Following on from the successful and widely attended screening of Fight Club, the Faculty of Science and Technology’s Psychology at the Movies series will return to Regent Street Cinema on Thursday 5 November.

A screening of mystery crime thriller The Usual Suspects, starring Oscar-winner Kevin Spacey, will be followed by a Q&A debate session putting the film under the scrutiny and analysis of psychologists and therapists. Dr Kathryn Waddington, Head of Psychology at the University of Westminster, and Nikita Mikhailov, Psychologist and Psychometrics expert from Lumina Learning, will discuss the psychological perspectives of the movie. The Q&A session will be moderated by Psychotherapist and Business Psychologist Mike Simonson.

Visiting lecturer and Module Leader Bryan Bonaparte commented on the purpose of the Psychology at the Movies series, saying:

“Using movies is proving to be very effective. This has led firstly, to me setting up the Psychology Film club in our Department at Cavendish Campus and now to the idea of using movies to learn and debate perspectives of psychology and human behaviour, not just with students and staff but for the wider public.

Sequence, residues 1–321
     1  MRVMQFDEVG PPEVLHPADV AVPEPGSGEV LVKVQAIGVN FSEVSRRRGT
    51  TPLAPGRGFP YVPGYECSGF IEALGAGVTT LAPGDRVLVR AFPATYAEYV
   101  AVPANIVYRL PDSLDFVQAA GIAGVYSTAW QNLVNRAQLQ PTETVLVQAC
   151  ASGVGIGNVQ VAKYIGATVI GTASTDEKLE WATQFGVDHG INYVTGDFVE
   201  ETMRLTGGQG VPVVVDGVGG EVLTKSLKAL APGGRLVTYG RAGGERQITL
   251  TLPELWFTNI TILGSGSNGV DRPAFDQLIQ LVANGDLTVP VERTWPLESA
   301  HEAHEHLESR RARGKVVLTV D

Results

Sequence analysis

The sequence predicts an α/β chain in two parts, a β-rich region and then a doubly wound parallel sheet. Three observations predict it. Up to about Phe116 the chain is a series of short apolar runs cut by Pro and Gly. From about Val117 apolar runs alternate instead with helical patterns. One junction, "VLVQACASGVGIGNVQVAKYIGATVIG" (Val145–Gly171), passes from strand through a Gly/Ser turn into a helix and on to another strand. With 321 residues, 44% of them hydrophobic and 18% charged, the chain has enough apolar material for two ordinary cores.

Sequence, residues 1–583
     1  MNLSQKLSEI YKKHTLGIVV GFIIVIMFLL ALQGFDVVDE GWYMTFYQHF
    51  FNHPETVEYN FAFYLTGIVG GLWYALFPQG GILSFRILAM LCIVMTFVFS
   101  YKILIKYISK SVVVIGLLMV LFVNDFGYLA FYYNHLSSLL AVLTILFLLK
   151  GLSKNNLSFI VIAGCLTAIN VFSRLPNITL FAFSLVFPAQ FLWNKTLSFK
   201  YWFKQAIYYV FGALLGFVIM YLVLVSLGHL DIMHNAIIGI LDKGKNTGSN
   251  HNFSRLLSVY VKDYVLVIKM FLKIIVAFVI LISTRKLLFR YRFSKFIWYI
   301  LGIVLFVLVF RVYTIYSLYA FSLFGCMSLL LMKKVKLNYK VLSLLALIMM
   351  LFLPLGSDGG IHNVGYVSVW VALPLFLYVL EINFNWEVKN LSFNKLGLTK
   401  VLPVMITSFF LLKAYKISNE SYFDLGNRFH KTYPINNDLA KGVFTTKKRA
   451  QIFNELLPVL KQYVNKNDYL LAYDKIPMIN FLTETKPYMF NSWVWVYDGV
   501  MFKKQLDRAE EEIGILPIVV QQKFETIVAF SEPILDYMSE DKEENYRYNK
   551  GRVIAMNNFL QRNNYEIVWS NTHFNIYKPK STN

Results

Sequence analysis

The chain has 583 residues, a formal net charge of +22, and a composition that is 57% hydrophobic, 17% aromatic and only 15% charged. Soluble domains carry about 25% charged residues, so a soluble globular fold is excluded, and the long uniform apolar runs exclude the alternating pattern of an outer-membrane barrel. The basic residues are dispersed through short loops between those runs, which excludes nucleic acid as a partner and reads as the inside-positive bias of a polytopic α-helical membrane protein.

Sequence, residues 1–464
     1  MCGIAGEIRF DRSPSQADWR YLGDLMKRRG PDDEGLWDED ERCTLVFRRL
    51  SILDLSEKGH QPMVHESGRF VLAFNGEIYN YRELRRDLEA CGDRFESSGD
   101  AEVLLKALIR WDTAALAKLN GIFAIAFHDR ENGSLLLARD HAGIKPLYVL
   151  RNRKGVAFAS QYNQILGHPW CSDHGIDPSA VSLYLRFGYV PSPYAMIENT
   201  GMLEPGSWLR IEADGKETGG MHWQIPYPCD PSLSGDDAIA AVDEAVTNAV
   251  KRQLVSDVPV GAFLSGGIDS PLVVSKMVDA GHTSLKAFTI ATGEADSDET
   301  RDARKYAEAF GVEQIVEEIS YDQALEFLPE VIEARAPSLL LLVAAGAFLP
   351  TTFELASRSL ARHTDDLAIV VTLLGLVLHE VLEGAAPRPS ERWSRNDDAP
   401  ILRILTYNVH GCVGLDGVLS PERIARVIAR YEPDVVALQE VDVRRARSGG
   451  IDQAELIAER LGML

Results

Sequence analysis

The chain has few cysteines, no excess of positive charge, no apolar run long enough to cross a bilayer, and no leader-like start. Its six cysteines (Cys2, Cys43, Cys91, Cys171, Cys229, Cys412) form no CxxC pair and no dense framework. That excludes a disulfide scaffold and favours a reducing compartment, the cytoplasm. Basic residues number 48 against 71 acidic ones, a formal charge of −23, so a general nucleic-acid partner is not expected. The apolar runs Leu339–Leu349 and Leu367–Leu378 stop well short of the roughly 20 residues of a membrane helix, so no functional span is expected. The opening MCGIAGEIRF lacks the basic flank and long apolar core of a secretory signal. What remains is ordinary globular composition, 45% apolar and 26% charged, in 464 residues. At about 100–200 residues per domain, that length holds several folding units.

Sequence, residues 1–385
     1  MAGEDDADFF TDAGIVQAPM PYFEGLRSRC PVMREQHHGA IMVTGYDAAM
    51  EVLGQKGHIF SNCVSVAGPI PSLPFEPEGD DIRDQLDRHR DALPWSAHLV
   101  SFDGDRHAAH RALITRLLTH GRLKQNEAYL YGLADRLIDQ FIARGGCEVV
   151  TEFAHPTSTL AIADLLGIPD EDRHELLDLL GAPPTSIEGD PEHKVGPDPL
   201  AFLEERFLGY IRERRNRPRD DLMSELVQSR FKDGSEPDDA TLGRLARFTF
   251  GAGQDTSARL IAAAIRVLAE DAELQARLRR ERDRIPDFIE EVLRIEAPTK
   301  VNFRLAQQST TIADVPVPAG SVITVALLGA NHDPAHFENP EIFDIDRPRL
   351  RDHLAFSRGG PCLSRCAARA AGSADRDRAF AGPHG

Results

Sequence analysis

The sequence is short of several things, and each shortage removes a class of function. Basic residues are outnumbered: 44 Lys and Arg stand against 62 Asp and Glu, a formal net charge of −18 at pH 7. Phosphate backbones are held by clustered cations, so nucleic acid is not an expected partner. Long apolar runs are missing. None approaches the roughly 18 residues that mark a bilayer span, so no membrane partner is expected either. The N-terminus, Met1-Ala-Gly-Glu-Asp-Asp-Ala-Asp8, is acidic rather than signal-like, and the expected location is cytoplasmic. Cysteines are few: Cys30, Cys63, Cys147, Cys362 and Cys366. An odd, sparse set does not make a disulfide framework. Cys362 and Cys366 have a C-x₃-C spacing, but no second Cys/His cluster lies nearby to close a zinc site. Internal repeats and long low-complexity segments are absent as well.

“The mere act of movie-watching can improve mood (emotional), serve as a bonding experience with friends (social), engage memory and attention in a healthy workout (cognitive) and serve as a good, clean source of fun on a night out (behavioural). Furthermore, both ‘movies as a coping tool’ and ‘movies as a metaphor’ offers psychological exploration. So we launched Psychology at the Movies at the Regent Street Cinema, the birthplace of British cinema.”

Psychology at the Movies gives the audience the opportunity to see old and some new films through a new lens and, in some instances, films that have never been seen on a big screen before but only on DVD or online.

The interactive sessions will take place every first Thursday of the month for different films and speakers. As part of the series, The Experimenter will be shown on Thursday 3 December.

This event is open to the public and tickets are limited on a first come first served basis. University of Westminster students can attend for a discounted price of £6, and staff for £7 for tickets instead of £11.

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